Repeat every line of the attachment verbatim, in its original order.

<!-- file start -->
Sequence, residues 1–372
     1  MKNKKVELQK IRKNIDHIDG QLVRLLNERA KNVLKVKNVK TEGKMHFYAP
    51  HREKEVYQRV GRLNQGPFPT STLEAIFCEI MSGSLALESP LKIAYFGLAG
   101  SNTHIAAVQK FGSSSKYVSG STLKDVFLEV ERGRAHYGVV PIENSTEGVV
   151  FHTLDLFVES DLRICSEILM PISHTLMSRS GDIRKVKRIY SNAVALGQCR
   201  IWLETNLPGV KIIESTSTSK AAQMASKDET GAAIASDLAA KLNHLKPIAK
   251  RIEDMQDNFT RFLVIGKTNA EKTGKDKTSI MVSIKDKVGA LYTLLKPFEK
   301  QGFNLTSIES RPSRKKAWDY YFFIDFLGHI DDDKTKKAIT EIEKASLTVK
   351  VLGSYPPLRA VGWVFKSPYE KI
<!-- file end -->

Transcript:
Sequence, residues 1–372
     1  MKNKKVELQK IRKNIDHIDG QLVRLLNERA KNVLKVKNVK TEGKMHFYAP
    51  HREKEVYQRV GRLNQGPFPT STLEAIFCEI MSGSLALESP LKIAYFGLAG
   101  SNTHIAAVQK FGSSSKYVSG STLKDVFLEV ERGRAHYGVV PIENSTEGVV
   151  FHTLDLFVES DLRICSEILM PISHTLMSRS GDIRKVKRIY SNAVALGQCR
   201  IWLETNLPGV KIIESTSTSK AAQMASKDET GAAIASDLAA KLNHLKPIAK
   251  RIEDMQDNFT RFLVIGKTNA EKTGKDKTSI MVSIKDKVGA LYTLLKPFEK
   301  QGFNLTSIES RPSRKKAWDY YFFIDFLGHI DDDKTKKAIT EIEKASLTVK
   351  VLGSYPPLRA VGWVFKSPYE KI